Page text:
So over a period of seven or eight years since I started writing, I had invested a lot of time and research in this saga centred on the Elder family, but after four books spanning 12 years of history, I decided to end it, intending that most of them would go out in one great blaze of glory. Well, the characters who survived the third book, Kingdom of Rebels, were not having any of that; they wanted to live on!

I was already writing the final book, The Last Shroud, and also looking at what the next project might be but, the more I researched other periods and other characters, the more the familiar ones pestered me. You know in the zombie movies where the hero thinks he’s killed someone and then – shazam! – they’re back! Well that’s what it felt like and so, finally, I decided to at least hear them out. Could I really take some of these characters into a whole new series?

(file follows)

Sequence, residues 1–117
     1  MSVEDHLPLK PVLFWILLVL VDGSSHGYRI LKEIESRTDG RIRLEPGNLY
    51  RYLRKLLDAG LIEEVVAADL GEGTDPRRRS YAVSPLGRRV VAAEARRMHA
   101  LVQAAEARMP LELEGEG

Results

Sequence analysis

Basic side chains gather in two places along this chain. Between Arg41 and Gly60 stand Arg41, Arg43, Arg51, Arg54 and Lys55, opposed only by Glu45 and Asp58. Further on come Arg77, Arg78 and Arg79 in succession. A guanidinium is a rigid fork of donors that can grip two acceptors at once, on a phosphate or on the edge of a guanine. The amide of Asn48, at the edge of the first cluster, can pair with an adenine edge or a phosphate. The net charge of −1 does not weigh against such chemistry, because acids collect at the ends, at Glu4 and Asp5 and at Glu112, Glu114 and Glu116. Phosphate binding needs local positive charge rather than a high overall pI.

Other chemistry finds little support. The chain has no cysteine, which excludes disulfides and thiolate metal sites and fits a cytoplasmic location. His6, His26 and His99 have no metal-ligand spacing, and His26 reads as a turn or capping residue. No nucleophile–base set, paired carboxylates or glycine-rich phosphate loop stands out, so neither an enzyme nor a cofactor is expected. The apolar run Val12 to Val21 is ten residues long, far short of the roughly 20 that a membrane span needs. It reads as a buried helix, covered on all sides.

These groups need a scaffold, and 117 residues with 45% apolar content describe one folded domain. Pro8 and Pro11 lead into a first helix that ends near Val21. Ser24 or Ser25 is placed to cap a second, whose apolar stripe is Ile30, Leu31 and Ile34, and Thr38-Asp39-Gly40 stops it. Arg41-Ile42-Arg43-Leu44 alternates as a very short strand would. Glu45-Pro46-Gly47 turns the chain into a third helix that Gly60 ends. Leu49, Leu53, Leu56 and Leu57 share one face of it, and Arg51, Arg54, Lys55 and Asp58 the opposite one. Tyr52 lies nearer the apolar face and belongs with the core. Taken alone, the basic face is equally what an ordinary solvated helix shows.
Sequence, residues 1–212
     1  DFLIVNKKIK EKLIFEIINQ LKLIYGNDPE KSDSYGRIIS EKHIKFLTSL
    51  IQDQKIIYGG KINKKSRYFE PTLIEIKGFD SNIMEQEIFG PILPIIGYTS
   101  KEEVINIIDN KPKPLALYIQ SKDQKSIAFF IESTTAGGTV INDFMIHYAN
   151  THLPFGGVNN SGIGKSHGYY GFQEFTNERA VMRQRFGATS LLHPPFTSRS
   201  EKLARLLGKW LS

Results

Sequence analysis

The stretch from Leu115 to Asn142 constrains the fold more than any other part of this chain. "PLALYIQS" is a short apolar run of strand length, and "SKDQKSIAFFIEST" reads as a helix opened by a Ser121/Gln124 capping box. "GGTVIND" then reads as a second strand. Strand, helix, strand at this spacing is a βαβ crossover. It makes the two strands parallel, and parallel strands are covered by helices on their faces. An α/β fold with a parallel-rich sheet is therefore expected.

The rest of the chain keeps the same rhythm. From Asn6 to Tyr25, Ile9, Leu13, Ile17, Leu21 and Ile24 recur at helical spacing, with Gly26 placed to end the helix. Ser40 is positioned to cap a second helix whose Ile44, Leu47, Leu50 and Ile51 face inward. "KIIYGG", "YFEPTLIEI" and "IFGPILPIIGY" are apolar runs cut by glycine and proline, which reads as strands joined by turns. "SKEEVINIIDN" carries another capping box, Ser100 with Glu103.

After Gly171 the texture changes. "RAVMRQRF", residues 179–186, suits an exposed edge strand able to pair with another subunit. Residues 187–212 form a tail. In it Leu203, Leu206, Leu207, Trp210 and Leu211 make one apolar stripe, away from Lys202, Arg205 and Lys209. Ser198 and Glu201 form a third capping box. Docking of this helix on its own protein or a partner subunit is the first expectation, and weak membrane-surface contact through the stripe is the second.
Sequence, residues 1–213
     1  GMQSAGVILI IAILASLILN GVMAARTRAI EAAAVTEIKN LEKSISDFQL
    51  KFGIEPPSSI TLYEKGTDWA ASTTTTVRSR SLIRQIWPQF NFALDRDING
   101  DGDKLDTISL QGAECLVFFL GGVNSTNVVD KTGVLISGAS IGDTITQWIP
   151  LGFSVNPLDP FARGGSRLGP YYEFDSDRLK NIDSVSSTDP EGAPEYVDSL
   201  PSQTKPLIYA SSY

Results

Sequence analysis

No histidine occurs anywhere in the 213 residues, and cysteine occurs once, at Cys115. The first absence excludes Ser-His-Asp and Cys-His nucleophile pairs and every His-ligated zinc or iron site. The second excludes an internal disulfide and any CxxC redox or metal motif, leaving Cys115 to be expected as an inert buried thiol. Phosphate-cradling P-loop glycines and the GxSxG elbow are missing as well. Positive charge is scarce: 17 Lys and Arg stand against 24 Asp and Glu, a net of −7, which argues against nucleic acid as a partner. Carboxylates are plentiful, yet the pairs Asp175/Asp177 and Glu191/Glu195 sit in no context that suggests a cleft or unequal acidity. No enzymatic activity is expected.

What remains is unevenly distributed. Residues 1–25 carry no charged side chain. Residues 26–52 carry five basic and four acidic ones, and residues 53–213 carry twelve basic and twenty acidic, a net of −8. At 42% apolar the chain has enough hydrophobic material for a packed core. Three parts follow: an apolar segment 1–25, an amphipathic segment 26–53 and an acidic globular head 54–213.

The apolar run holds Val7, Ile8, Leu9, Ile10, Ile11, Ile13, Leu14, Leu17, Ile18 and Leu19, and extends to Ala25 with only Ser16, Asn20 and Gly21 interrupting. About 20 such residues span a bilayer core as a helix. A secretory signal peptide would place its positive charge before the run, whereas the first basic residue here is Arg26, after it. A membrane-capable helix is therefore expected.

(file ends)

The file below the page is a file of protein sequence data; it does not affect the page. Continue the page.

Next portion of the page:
The last thing I wanted to do with my ‘brand new series’ was repeat the stories of before, so I took my cue from the historical fiction author who most inspired me to write: Alexandre Dumas. With his Three Musketeers he decided to miss out great chunks of time, revisiting his characters twenty and thirty years later. Wilbur Smith, amongst others I’m sure, used a similar formula. So, I began to consider this as a possibility.

How would it work? First of all, though I could keep some characters, I would have to create a new and younger generation. If I was going to do that, I’d have to act fast because it would need to be written into the final book which was already half-written!. Children would need to be born to provide my next generation. Thus, I had to decide at once. I can tell you that it’s strange feeling when, as you are planning to kill off a few important characters, you are also trying to work out how the new ones can be born!

I needed to consider the dramatis personae of the new series as a whole.